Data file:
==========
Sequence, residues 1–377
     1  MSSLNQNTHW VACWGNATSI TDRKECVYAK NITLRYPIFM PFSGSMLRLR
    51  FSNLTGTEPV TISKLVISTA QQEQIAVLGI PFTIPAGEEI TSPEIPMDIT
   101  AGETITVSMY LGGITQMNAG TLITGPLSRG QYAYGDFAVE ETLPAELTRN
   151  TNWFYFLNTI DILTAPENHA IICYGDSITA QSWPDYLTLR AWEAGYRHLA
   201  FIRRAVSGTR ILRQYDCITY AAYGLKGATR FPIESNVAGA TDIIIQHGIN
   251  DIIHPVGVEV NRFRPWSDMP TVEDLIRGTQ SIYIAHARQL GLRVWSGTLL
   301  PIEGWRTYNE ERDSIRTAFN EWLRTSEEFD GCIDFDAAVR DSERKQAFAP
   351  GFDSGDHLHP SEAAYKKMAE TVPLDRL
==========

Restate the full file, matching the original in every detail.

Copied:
Sequence, residues 1–377
     1  MSSLNQNTHW VACWGNATSI TDRKECVYAK NITLRYPIFM PFSGSMLRLR
    51  FSNLTGTEPV TISKLVISTA QQEQIAVLGI PFTIPAGEEI TSPEIPMDIT
   101  AGETITVSMY LGGITQMNAG TLITGPLSRG QYAYGDFAVE ETLPAELTRN
   151  TNWFYFLNTI DILTAPENHA IICYGDSITA QSWPDYLTLR AWEAGYRHLA
   201  FIRRAVSGTR ILRQYDCITY AAYGLKGATR FPIESNVAGA TDIIIQHGIN
   251  DIIHPVGVEV NRFRPWSDMP TVEDLIRGTQ SIYIAHARQL GLRVWSGTLL
   301  PIEGWRTYNE ERDSIRTAFN EWLRTSEEFD GCIDFDAAVR DSERKQAFAP
   351  GFDSGDHLHP SEAAYKKMAE TVPLDRL